WASHINGTON, Sept. 21 (UPI) -- A new kind of arms race is underway between the United States and China, potentially involving 9th grade soldiers.
As American and Chinese officials are set to discuss what is in effect a disarmament deal in cyberspace, each country prepares to recruit more hackers to stand ready on the front lines.
The United States is comparatively late to the cyber war game, with the People's Liberation Army reportedly boasting for a hacking force 100,000 strong, 20 years in the making. By contrast, the U.S. Cyber Command started in 2010, and aims to employ 6,200 coders by 2016.
Many U.S. military officials are worried that the process is actually too fast, with concerns over vetting the right employees being a top concern.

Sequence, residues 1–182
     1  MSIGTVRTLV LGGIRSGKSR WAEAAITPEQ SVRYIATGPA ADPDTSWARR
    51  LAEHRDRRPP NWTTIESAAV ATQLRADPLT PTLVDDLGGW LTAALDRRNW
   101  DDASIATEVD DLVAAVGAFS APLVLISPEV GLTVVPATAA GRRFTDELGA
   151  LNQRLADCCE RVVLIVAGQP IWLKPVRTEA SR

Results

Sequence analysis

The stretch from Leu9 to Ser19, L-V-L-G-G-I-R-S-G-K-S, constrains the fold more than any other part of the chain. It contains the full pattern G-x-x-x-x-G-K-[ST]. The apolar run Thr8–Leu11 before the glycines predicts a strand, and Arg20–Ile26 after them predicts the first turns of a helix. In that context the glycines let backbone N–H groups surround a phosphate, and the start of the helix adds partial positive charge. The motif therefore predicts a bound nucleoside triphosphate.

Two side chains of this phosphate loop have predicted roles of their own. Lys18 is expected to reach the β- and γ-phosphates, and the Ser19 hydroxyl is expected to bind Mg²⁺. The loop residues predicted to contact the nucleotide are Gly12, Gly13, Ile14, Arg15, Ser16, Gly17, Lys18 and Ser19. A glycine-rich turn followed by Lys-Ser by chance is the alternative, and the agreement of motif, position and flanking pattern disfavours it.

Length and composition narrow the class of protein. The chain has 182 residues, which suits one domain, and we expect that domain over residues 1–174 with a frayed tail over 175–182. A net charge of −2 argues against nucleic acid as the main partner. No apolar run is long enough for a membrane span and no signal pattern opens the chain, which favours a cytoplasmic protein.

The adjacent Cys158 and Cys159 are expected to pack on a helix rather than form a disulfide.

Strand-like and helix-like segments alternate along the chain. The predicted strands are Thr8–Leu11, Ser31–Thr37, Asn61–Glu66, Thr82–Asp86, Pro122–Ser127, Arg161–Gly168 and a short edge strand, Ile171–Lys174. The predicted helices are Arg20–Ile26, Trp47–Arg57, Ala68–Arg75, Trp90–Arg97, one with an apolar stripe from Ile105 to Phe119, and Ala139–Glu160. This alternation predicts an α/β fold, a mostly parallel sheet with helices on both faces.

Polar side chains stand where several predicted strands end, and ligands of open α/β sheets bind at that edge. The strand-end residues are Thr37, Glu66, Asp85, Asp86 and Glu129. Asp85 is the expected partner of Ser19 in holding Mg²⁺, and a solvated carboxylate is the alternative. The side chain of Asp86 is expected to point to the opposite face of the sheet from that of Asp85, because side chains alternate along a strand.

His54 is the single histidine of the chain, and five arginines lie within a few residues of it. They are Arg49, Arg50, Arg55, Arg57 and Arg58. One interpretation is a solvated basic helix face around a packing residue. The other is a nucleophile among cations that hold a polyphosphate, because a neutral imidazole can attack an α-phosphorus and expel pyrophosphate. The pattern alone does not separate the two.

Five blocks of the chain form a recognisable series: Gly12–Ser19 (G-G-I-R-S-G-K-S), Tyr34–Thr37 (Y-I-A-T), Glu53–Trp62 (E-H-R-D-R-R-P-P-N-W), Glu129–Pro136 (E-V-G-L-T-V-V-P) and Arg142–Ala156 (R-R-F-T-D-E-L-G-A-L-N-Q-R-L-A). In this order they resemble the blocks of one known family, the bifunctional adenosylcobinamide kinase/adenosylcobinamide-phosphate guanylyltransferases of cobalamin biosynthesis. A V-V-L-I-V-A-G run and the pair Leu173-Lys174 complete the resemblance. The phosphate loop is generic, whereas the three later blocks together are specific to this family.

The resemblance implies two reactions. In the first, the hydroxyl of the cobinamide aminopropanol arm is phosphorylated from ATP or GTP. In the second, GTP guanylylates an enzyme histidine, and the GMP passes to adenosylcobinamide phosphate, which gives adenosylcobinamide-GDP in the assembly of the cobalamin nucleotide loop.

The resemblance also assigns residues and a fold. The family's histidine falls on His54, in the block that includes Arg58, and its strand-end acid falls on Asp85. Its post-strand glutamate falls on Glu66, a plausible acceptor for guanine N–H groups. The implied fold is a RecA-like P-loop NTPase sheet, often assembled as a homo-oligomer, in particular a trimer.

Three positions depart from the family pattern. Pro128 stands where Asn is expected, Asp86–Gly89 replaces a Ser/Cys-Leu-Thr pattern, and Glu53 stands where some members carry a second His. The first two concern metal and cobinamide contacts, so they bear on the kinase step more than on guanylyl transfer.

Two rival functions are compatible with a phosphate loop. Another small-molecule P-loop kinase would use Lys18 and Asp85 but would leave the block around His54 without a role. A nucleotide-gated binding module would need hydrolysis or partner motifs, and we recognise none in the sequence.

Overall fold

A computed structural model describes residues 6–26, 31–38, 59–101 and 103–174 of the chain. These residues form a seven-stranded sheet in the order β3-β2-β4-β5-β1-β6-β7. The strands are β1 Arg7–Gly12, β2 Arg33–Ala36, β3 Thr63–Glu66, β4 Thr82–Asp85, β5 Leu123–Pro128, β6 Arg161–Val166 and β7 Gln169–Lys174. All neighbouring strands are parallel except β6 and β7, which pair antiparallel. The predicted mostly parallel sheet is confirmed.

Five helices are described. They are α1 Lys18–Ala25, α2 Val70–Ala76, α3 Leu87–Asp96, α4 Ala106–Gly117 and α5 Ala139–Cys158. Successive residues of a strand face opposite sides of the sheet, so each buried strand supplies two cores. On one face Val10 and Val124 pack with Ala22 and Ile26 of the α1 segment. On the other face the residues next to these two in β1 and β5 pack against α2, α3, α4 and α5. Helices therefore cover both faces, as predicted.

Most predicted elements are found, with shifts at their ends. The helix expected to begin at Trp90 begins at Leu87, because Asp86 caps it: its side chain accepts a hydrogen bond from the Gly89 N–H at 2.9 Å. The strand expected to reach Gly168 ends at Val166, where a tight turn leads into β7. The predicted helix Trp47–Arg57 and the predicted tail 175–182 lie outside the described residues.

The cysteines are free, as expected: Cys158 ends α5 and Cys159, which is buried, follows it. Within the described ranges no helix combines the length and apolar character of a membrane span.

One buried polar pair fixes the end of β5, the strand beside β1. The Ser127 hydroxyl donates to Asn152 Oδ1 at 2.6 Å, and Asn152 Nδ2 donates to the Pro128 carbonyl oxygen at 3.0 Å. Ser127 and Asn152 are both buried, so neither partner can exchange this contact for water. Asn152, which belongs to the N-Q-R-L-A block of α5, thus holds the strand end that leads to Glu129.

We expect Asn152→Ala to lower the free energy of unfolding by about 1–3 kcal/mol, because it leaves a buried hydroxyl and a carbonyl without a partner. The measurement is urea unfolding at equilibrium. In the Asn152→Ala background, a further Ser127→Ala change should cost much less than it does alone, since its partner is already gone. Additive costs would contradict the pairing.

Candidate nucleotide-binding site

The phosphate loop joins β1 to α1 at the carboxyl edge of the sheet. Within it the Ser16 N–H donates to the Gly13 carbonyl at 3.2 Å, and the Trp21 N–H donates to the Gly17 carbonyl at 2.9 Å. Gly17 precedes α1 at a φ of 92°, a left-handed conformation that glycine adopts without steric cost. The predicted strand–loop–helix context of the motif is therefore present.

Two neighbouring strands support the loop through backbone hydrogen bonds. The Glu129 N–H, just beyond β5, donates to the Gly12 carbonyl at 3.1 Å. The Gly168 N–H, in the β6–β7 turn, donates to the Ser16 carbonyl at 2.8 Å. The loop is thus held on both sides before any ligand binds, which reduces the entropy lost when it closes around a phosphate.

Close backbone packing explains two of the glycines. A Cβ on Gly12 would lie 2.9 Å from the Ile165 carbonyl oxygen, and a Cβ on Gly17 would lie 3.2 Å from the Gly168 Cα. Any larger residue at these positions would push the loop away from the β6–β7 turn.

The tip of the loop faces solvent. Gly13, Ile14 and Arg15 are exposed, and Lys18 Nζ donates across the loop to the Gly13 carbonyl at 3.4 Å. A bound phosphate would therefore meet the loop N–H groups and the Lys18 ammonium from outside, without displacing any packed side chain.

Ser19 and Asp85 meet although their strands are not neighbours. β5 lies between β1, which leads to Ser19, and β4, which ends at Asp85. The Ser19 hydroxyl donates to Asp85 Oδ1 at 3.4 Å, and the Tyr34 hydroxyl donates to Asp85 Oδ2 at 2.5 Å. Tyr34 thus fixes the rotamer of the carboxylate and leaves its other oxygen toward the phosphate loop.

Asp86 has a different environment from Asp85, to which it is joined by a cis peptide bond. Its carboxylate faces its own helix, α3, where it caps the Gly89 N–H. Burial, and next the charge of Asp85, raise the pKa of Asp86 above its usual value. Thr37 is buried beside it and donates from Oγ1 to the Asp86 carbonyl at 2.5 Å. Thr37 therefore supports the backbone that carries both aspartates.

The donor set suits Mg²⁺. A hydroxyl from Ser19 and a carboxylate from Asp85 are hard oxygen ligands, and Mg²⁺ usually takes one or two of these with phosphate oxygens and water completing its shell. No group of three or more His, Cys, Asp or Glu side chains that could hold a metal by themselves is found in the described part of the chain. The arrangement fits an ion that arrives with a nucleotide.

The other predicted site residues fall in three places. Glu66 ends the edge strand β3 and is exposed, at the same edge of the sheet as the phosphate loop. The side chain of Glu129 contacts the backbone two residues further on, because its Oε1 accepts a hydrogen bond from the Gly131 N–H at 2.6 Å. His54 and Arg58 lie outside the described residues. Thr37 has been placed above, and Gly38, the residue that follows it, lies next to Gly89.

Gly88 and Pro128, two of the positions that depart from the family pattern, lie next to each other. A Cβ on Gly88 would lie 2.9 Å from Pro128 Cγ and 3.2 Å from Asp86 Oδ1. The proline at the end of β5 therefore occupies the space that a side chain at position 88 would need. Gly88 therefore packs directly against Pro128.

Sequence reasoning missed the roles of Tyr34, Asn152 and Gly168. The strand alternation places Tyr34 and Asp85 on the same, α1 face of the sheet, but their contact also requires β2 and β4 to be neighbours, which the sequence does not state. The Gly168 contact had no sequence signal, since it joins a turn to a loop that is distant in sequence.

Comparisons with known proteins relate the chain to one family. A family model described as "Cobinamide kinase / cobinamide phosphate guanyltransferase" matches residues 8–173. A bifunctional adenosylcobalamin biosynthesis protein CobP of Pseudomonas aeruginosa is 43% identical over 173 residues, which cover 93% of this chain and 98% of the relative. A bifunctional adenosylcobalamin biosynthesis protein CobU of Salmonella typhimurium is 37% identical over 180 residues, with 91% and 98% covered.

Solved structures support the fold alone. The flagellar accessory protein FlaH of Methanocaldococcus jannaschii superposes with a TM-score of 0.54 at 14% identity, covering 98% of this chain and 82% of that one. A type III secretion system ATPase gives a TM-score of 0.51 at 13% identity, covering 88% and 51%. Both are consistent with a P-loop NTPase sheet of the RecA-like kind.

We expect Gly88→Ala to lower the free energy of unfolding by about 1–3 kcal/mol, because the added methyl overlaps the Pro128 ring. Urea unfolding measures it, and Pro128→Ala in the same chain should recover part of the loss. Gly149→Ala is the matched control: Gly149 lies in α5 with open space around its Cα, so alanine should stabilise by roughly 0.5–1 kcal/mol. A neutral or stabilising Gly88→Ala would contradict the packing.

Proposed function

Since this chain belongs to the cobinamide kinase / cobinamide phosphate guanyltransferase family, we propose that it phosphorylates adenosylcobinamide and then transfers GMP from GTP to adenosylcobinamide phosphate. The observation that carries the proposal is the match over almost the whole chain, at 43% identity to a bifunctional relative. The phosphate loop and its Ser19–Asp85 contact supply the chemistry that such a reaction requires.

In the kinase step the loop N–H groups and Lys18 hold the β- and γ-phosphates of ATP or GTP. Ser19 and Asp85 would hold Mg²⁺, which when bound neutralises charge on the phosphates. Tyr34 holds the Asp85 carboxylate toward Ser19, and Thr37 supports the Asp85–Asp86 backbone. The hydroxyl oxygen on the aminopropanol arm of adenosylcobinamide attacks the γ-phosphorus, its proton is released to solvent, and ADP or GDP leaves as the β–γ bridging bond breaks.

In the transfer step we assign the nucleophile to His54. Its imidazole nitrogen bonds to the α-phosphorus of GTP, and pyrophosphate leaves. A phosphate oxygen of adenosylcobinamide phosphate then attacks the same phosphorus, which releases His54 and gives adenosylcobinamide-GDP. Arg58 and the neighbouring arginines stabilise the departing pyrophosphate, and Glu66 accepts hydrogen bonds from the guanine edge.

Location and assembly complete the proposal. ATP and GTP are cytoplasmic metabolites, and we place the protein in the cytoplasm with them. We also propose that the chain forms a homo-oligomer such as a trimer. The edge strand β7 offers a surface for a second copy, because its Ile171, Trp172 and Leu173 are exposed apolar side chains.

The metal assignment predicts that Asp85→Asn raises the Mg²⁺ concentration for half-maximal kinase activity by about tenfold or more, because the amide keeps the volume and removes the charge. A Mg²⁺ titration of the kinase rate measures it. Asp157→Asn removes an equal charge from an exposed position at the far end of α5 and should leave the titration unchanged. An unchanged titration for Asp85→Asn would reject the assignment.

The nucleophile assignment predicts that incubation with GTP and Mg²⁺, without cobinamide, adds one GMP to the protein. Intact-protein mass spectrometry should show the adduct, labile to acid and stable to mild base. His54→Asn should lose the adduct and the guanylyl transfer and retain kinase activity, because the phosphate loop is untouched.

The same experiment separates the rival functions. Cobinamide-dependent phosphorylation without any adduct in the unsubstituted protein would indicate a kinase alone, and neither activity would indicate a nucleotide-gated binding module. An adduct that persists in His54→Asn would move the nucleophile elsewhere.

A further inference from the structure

"As we have continued to grow the cyber mission force, we're getting the right numbers of people," said Vice Adm. Jan Tighe, commander of U.S. Fleet Cyber Command, in a statement, "whether we are getting the right people is still yet to be determined."
Cyber troop recruits are a lot younger than their conventional military counterparts.
"We bring them out of high school, " said Lt. Gen. Kevin McLaughlin, deputy commander of CYBERCOM, "the military services are training them to be world-class, advanced cyber operators."
While each country continues to bolster their forces behind a keyboard, political leaders from each country will soon engage in talks about limiting global cyber war.
According to officials familiar with the talks, each country will commit to not being the first country to use cyber assets to attack another's infrastructure and economy during peacetime.
China President Xi Jingping is scheduled to visit the United States and meet with President Obama on September 24.